March 11

Top Tips to Gain the Most from Outdoor Play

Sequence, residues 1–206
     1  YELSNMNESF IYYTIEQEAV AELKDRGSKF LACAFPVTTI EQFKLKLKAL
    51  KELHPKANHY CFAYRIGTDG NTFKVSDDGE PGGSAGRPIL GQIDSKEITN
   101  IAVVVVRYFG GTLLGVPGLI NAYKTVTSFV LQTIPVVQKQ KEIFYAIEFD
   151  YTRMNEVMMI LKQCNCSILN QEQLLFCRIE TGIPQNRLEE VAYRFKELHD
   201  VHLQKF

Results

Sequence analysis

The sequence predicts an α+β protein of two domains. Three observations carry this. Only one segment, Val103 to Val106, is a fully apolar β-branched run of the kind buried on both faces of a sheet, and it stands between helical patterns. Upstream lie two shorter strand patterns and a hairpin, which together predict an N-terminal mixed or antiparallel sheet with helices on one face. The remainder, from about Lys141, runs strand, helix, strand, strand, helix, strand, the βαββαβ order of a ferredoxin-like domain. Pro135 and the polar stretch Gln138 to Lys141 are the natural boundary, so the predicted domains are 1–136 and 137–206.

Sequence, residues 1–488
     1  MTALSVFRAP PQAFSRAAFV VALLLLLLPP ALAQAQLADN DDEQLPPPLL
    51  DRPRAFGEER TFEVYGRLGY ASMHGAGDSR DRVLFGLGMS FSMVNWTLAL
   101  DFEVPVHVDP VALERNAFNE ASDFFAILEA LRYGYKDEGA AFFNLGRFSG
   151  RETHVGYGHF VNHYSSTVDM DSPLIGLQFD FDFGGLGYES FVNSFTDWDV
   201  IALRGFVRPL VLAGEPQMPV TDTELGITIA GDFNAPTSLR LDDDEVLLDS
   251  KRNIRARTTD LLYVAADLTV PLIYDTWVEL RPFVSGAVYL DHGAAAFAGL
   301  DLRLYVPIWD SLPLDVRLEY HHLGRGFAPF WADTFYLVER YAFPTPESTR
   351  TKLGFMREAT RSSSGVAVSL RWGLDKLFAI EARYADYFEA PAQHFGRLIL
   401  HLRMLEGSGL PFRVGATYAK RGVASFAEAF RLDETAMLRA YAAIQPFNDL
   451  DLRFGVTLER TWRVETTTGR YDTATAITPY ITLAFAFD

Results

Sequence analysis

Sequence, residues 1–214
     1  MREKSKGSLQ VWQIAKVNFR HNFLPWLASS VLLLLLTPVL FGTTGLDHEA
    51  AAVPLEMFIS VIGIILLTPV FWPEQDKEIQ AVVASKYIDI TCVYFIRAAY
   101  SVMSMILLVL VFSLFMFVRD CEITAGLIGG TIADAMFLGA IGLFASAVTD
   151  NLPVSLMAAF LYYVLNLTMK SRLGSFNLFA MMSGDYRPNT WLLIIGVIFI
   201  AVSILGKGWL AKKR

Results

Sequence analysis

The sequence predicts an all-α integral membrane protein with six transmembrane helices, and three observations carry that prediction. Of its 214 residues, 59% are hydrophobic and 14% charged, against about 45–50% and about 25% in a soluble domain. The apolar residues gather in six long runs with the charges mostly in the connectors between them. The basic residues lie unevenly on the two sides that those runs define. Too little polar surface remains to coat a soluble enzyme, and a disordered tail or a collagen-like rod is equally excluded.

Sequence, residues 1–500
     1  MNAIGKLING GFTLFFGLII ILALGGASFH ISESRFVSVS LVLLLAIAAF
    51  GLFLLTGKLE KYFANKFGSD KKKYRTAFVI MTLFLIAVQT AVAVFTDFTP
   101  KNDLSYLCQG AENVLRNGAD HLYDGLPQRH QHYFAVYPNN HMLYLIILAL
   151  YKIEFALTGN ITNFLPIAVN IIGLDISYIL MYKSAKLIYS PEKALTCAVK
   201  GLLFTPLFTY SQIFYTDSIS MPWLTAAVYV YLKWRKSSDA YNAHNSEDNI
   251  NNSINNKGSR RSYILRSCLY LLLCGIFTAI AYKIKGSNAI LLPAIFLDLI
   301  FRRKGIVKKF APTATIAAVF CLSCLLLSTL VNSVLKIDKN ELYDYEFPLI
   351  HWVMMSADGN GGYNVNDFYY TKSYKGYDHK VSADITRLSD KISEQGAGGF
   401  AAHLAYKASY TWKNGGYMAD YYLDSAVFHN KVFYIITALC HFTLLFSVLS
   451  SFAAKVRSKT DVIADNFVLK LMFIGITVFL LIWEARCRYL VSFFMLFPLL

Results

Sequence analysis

Outdoor play can be extremely valuable to children’s development. It has many proven benefits including helping to develop children’s coordination and balance, whilst building confidence and reducing stress levels. Children are no longer used to walking on uneven surfaces and are more used to the paved walkways of our towns and cities, resulting in a reduction in their motor control skills. Increased levels of obesity have been well documented in the press, and playing outdoors boosts children’s fitness and improves their all-round health and wellbeing. It should be a pastime that is easy and relaxing for both children and adults and should not be a daunting prospect. Spending time outdoors can help build relationships between both parties – sharing experiences away from the stresses of the home and everyday life. 1. Expect children to get messy and provide suitable outdoor clothes  - Allowing a child to explore their natural environment without the fear of ‘getting all muddy’ will ensure they get the most out of nature. It will build their confidence and allow them to use their imaginations and resourcefulness to find creative games and practical activities that might result in them getting a little dirty. Having waterproof playsuits is a fantastic way to ensure children keep warm and their clothes stay dry. Mama Cocoon’s range of Togz and Spotty Otter playwear offers waterproof, warm clothing and wellies that take the worry out of outdoor play. 2. Encourage children to use their own senses - Children should be allowed to explore their senses and being outside is the best place for them to see, touch, hear and smell a wide variety of things. Picking a quiet place can encourage them to listen and appreciate elements of nature that may go unnoticed otherwise. Remind them to look up as well as down – clouds can be a great way to spark children’s imaginations too! 3. Take things with you to encourage exploration  - Taking a rucksack on trips can provide children with lots of tools to keep them interested in the outdoors. A magnifying glass, mirror, pad and pencil can provide plenty of entertainment and allow children to explore the area around them more fully. Setting tasks can also make their time outside more enjoyable. Treasure hunts encourage movement and exploration and asking them to find (for example) ‘anything orange’ or ‘anything shiny’ helps them to be more aware of their surroundings and look more closely. 4. Try to visit a place in all seasons  - Going back to the same spot over and over will allow children to see the seasonal changes that occur. Making a scrap book to record the changes (collecting leaves, petals, taking photographs) enables children to record their observations and gives them a project they can take ownership of. The experience does not have to start and stop at a specific point and travelling to and from an area can also become part of the experience. Walking to a wood, field or park allows you to talk to your child about what they have seen or what they expect to see. This not only aids their development, but also helps build relationships between you both. A bus or train journey can work in much the same way. 5. Try to let the children lead the play  - Play time can be much more beneficial to children if they are allowed to lead the play themselves. It enables them to make their own judgements about risk by learning about their physical limitations and boundaries. Giving children guidance, without dominating, will help them find their own level of ability and build their confidence. As well as all the other benefits of playing outdoors, it will teach young people to respect nature. They will grow to have a better understanding of their natural world and can be taught how to treat it in the right way by taking care where needed, not dropping litter and minimising their impact on the environment. There is no excuse not to make the most of being outside. As Oscar Wilde put it, “there is no such things as bad weather, just bad clothing”, so arm your child with an out

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